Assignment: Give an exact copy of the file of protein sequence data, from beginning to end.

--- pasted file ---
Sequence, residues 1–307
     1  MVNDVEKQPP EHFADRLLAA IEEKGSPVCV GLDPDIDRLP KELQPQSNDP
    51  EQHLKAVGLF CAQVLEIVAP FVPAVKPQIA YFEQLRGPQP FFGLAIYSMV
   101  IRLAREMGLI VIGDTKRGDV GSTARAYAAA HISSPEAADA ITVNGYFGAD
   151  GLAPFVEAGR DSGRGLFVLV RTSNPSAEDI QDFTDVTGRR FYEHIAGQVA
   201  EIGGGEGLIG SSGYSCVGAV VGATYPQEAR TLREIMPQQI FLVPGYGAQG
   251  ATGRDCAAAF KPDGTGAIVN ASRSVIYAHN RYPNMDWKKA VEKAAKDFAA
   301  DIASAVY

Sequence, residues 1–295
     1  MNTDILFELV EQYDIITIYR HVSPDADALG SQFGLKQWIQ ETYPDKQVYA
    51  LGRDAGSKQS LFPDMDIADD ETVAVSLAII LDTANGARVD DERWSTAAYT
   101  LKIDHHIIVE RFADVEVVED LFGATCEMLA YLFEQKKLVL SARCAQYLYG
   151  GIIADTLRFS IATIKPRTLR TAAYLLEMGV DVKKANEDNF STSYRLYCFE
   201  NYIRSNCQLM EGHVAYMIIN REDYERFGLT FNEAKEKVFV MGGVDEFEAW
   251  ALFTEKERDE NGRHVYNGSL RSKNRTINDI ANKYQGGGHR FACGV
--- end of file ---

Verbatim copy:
Sequence, residues 1–307
     1  MVNDVEKQPP EHFADRLLAA IEEKGSPVCV GLDPDIDRLP KELQPQSNDP
    51  EQHLKAVGLF CAQVLEIVAP FVPAVKPQIA YFEQLRGPQP FFGLAIYSMV
   101  IRLAREMGLI VIGDTKRGDV GSTARAYAAA HISSPEAADA ITVNGYFGAD
   151  GLAPFVEAGR DSGRGLFVLV RTSNPSAEDI QDFTDVTGRR FYEHIAGQVA
   201  EIGGGEGLIG SSGYSCVGAV VGATYPQEAR TLREIMPQQI FLVPGYGAQG
   251  ATGRDCAAAF KPDGTGAIVN ASRSVIYAHN RYPNMDWKKA VEKAAKDFAA
   301  DIASAVY

Sequence, residues 1–295
     1  MNTDILFELV EQYDIITIYR HVSPDADALG SQFGLKQWIQ ETYPDKQVYA
    51  LGRDAGSKQS LFPDMDIADD ETVAVSLAII LDTANGARVD DERWSTAAYT
   101  LKIDHHIIVE RFADVEVVED LFGATCEMLA YLFEQKKLVL SARCAQYLYG
   151  GIIADTLRFS IATIKPRTLR TAAYLLEMGV DVKKANEDNF STSYRLYCFE
   201  NYIRSNCQLM EGHVAYMIIN REDYERFGLT FNEAKEKVFV MGGVDEFEAW
   251  ALFTEKERDE NGRHVYNGSL RSKNRTINDI ANKYQGGGHR FACGV